Cumulative Effects of Job Characteristics on Health
We present what we believe are the best estimates of how job characteristics of physical demands and environmental conditions affect individual’s health. Five-year cumulative measures of these job characteristics are used to reflect findings in the physiologic literature that cumulative exposure is most relevant for the impact of hazards and stresses on health. Using data from the Panel Study of Income Dynamics we find that individuals who work in jobs with the ‘worst’ conditions experience declines in their health, although this effect varies by demographic group. For example, for non-white men, a one standard deviation increase in cumulative physical demands decreases health by an amount that offsets an increase of two years of schooling or four years of aging. Job characteristics are found more detrimental to the health of females and older workers. These results are robust to inclusion of occupation fixed effects, health early in life and lagged health.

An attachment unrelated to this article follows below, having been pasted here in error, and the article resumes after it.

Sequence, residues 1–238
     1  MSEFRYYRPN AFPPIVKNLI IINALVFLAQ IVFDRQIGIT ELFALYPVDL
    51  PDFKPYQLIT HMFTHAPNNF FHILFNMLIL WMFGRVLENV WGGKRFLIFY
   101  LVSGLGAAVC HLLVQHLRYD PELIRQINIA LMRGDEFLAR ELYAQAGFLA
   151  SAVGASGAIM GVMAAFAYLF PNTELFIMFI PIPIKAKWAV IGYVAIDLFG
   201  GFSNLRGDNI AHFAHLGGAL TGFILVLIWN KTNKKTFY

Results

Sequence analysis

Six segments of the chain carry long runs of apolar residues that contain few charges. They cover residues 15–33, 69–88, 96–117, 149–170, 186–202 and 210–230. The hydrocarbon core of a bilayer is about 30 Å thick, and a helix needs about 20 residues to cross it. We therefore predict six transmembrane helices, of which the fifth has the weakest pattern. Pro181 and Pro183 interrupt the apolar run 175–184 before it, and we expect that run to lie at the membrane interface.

|Date of creation:||Nov 2008|
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- Jody L. Sindelar & Jason Fletcher & Tracy Falba & Patricia Keenan & William T. Gallo, 2007. "Impact of First Occupation on Health at Older Ages," NBER Working Papers 13715, National Bureau of Economic Research, Inc.
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- Grossman, Michael, 1972. "On the Concept of Health Capital and the Demand for Health," Journal of Political Economy, University of Chicago Press, vol. 80(2), pages 223-255, March-Apr.
- Joseph P. Ferrie, 2001. "The Poor and the Dead: Socioeconomic Status and Mortality in the U.S., 1850-1860," NBER Historical Working Papers 0135, National Bureau of Economic Research, Inc. Full references (including those not matched with items on IDEAS)
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